Key players: senior forward Rolyns Aligbe, junior guards Jerome Williams and Lorenzo Levy. 

Outlook: The traditionally strong Redhawks may take a while to get in gear, despite being ranked among the top five teams in the state in Class AA. “We’re a work in progress,” Johnson said. Minnehaha opened the season with a 74-33 win over Rochester Lourdes, but lost the next day to Maple River 68-63. “We didn’t push the pace,” Johnson said. “We need to do that.” The Redhawks apparently got the word; they scored 92 and 97 in their next two games. Williams is a threat to score from anywhere, averaging 22 points in the early going. He also can rebound. Aligbe is a 6-foot-9 force in the middle who can also score. Levy missed the first two games of the season, but is now back and is also a scoring threat. 


League: Skyline
Previous record: 7-21
Coach: John Carrier

Key players: junior guards Alex Ehlebracht and Omeed Tabrizi, sophomore guard Mason Engelking, junior forward Silas Revenaugh. 

Outlook: This is possibly the youngest varsity hoop team in the state. There are a handful of freshmen, including Caleb Taylor (averaging nearly 10 points a game), and an eighth-grader on the 17-man roster. “But we’ve got very smart kids,” Carrier said. “They’re learning quickly.” Revenaugh, who is 6-foot-6, has been sidelined with an illness early, which has hurt the Knights (1-3) on the boards. “We shot better than our opponents in two of our first three games,” Carrier said. “We gave up too many shots and had too many turnovers, but the execution of plays has been better every game.” Nova got its first win on December 12 by limiting Trinity to 28 points. 


League: Independent Metro Athletic
Previous record: 16-10
Coach: Kevin Keto

Key players: junior forward Tysen Hayes, junior guard Ethan Carter, senior center Maverick Wolff.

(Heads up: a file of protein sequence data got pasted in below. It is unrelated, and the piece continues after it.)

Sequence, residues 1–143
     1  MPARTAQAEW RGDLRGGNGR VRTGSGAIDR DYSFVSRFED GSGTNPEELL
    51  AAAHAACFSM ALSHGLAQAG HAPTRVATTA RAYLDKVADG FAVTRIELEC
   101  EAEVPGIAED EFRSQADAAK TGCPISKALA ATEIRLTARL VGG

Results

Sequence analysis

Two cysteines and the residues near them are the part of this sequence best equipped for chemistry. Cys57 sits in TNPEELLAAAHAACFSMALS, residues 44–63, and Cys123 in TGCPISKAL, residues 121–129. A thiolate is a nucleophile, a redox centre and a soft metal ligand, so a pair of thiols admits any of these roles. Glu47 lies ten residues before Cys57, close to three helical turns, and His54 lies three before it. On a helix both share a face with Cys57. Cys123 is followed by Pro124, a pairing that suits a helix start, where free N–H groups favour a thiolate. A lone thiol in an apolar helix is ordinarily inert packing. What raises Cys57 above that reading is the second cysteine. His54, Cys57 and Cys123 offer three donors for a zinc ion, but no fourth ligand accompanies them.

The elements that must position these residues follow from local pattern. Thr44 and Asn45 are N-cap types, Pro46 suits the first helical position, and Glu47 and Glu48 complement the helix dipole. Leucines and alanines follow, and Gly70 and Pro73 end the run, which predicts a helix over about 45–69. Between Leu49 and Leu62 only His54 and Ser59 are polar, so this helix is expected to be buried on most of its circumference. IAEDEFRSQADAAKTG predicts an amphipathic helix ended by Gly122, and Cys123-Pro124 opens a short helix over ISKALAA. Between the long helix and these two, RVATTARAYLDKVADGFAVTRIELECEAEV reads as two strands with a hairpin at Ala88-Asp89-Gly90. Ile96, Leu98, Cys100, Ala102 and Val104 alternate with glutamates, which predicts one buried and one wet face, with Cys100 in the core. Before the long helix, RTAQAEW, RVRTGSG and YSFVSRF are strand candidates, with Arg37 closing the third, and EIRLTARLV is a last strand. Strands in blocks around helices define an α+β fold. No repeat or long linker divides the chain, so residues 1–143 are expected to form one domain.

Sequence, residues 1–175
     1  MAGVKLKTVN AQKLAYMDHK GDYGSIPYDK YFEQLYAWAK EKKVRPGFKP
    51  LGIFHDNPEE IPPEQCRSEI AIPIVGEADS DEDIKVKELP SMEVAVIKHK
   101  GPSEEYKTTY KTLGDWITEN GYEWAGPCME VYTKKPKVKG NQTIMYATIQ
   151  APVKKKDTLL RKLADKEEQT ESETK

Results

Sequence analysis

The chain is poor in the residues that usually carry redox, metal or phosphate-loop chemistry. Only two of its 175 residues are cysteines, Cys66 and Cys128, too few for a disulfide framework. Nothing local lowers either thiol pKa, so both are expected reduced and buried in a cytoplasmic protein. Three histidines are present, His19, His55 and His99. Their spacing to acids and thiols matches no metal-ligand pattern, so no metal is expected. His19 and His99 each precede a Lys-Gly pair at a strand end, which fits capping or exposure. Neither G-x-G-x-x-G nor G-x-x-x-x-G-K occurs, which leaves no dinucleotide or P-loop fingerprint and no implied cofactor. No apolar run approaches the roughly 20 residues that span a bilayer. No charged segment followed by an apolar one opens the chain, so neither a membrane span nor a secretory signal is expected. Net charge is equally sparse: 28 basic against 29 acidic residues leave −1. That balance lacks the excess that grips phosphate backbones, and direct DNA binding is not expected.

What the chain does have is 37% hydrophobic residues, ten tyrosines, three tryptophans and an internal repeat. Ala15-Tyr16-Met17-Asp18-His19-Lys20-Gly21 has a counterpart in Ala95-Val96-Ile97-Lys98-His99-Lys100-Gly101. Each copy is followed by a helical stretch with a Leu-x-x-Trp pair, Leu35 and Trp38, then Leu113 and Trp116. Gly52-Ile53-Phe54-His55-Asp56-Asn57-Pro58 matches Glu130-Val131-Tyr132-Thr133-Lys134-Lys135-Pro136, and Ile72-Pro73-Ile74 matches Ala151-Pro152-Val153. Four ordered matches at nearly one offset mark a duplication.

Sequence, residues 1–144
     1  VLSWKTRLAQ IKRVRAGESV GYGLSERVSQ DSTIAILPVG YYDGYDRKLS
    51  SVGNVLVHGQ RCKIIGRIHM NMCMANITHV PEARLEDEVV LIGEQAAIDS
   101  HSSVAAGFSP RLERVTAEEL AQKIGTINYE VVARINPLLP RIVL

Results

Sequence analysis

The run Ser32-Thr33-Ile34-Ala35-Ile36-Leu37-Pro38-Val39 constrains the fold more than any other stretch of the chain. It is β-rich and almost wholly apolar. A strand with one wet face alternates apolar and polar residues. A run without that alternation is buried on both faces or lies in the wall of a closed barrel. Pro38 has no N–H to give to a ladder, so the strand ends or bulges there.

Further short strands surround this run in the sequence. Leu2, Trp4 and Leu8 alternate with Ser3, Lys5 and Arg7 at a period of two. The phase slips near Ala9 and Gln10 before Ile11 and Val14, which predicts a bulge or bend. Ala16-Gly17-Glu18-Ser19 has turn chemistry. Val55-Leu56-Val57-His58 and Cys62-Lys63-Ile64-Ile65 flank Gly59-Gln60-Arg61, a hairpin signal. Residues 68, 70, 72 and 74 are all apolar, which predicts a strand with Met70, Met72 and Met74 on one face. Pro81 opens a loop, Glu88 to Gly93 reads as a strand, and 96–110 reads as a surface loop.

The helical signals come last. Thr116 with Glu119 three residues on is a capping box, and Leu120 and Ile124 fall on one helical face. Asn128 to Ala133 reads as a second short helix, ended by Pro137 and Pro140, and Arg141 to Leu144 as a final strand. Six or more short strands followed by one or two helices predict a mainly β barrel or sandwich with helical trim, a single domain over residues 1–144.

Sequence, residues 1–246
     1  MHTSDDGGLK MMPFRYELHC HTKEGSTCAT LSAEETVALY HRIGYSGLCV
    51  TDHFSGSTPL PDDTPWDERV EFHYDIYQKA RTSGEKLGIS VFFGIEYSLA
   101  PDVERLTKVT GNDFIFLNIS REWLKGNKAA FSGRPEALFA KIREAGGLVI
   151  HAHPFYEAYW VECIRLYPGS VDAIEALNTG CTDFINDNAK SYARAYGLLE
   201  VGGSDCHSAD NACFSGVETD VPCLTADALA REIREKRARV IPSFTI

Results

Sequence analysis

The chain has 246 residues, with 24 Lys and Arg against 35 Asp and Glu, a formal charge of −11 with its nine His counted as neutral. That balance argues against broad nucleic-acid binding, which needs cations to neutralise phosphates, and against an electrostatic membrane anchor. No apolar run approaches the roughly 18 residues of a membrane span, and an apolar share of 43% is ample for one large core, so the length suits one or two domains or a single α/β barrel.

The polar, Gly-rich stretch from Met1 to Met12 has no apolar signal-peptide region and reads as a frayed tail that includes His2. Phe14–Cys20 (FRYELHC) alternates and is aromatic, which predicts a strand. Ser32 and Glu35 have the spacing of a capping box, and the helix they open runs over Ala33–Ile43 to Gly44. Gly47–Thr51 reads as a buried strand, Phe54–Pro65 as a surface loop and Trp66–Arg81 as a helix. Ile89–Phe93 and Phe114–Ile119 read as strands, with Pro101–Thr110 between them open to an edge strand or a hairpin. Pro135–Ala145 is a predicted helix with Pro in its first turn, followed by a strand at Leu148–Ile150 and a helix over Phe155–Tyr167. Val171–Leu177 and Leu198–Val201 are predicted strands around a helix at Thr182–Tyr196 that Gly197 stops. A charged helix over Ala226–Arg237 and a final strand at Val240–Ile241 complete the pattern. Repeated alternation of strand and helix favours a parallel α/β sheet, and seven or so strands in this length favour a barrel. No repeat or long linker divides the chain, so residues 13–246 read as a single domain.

Outlook: The Spartans have some size up front with 6-foot-5 Hayes and 6-foot-7 Wolff, who is an excellent shot blocker. In all, there are seven players who are 6-foot-3 or taller in the regular nine-man rotation. Keto said Hayes is the team’s most versatile player because he can rebound and shoot three-pointers. Carter is the ball handler and was averaging 20.3 points in the first three games. The goal is to improve on offense to compete in a small but very good conference that includes undefeated Blake and perennial power Minnehaha.


League: Metro East
Previous record: 16-12
Coach: Khalid El-Amin

Key players: senior guards Michael Kirchner and Jack Chamberlain, junior guard Luke Dobbs.

Outlook: In his second year at the helm, El-Amin has a veteran returning cast with 11 seniors. “I’m excited about the season,” he said. “I expect we’ll be really competitive.” Kirchner is a three-year starter who averaged 15.1 points last year. Dobbs is averaging nearly 18 points a game in the early going for the Cadets, who were ranked among the top 10 in the state in Class AAA. Chamberlain’s return in January from injury will add more speed and strength to the lineup. “We’ve had some very good moments early, but we still need to get better organized,” El-Amin said. A rugged nonconference schedule that includes games against Princeton, Eagan and Cretin-Derham Hall this month should aid in that process.


League: Metro East
Previous record: 16-10
Coach: Doug Linton

Key players: senior guards Carson Christiansen and Keeshaun Powell, senior forward Thomas Lutz.

Outlook: When you lose six of your top nine players from the year before, you know you’re going to have some work to do in the early part of the season. Fortunately, Christiansen and Lutz are accomplished scorers and Powell is an excellent playmaker. “We lack varsity experience,” Linton conceded, “but the kids are adjusting to the speed of the game and the defensive intensity at the varsity level. Our second game against Fridley was better than the first (against Irondale).” Linton is now looking ahead. “February is more important than December,” he said. “We have to get quicker to be successful.” 

— Dave Wright